The email subject from this morning seemed like a very late April Fools’ joke at first: “NASCAR Adds Fourth Stage to Coca-Cola 600.”
Look, I get what NASCAR and Charlotte Motor Speedway are trying to do here. The 600 is a long race, and dividing it into four 100-lap stages will break it up and make it more entertaining. Last year’s 600 was brutal — with 131 straight green-flag laps at one point — and people hated the race.
And the stages have added a lot to the racing this year, so an extra stage is fine. Honestly, I wouldn’t mind if all races had four stages next year.
What NASCAR fails to understand (or at least value highly enough) is how bad it looks to change rules in the middle of a season. These are the type of temptations a sanctioning body should avoid, because they harm credibility — and that’s very difficult to earn back.
Personally, I’m still affected by the worst decision of all time — adding a 13th driver to a 12-driver playoff in 2013. NASCAR changed forever for me that day, and I can honestly say I’ve never looked at NASCAR as a sport quite the same after that.
The Coke 600 decision isn’t on that level, but the concept is similar: A short-term play could have a long-lasting impact on people who are desperately clinging to the notion NASCAR is more of a sport than sports entertainment.
Yes, the “pure sport” aspect has been gone for awhile now — I get that — but it’s painful to see NASCAR toss aside more of its credibility.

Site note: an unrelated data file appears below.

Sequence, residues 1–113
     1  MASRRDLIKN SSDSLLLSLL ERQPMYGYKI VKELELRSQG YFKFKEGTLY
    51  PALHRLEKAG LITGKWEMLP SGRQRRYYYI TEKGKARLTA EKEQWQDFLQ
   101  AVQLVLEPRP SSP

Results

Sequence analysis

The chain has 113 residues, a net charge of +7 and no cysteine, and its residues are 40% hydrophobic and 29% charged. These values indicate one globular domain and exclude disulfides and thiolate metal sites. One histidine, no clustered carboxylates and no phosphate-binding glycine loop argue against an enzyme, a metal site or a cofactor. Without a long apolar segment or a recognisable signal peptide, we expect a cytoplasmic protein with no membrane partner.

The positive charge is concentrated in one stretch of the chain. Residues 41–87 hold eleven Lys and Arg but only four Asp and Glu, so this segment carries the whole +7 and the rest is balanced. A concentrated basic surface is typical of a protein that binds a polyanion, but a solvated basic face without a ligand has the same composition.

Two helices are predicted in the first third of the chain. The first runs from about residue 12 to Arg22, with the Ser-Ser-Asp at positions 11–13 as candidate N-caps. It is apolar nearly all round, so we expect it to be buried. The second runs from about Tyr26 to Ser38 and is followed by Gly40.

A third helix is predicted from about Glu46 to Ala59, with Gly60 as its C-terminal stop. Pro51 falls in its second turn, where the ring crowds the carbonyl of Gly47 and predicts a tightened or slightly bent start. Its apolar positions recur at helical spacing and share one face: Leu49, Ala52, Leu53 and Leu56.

That’s what makes this the wrong move.
NASCAR announced stage lengths for every race on Feb. 16. It said each race would have the same amount of stage points and playoff points, except for the Daytona 500 (which had 10 more stage points — but not playoff points — thanks to the Duels).
Now — less than two weeks before the 600 — NASCAR has suddenly decided a certain race is worth more stage points than other races. And it’s worth more playoff points than any other race.
Think about that: Drivers can earn more playoff points in the Coke 600 than they can in the Daytona 500.
That’s very troubling for purposes of consistency. All races should pay the same amount of points. And if they don’t, NASCAR should announce that at the start of the season — not 13 days before the race.
It’s really disappointing NASCAR decided to do this. Want to add a fourth stage to one race for entertainment purposes? Then at least do it before the season. Announce it, let people digest it and come to terms with it.
But by doing it now, NASCAR misjudged what’s more valuable: One night at Charlotte or its credibility as a sanctioning body.